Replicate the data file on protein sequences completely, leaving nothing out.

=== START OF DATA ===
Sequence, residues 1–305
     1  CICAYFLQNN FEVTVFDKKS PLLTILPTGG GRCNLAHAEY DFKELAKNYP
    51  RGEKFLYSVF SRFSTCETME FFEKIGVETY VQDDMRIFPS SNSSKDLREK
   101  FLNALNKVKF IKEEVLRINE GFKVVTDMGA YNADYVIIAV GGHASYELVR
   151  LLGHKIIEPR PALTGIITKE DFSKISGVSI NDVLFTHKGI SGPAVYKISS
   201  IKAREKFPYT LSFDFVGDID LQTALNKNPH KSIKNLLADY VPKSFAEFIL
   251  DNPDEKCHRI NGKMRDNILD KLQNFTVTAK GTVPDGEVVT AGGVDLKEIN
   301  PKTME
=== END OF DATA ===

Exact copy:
Sequence, residues 1–305
     1  CICAYFLQNN FEVTVFDKKS PLLTILPTGG GRCNLAHAEY DFKELAKNYP
    51  RGEKFLYSVF SRFSTCETME FFEKIGVETY VQDDMRIFPS SNSSKDLREK
   101  FLNALNKVKF IKEEVLRINE GFKVVTDMGA YNADYVIIAV GGHASYELVR
   151  LLGHKIIEPR PALTGIITKE DFSKISGVSI NDVLFTHKGI SGPAVYKISS
   201  IKAREKFPYT LSFDFVGDID LQTALNKNPH KSIKNLLADY VPKSFAEFIL
   251  DNPDEKCHRI NGKMRDNILD KLQNFTVTAK GTVPDGEVVT AGGVDLKEIN
   301  PKTME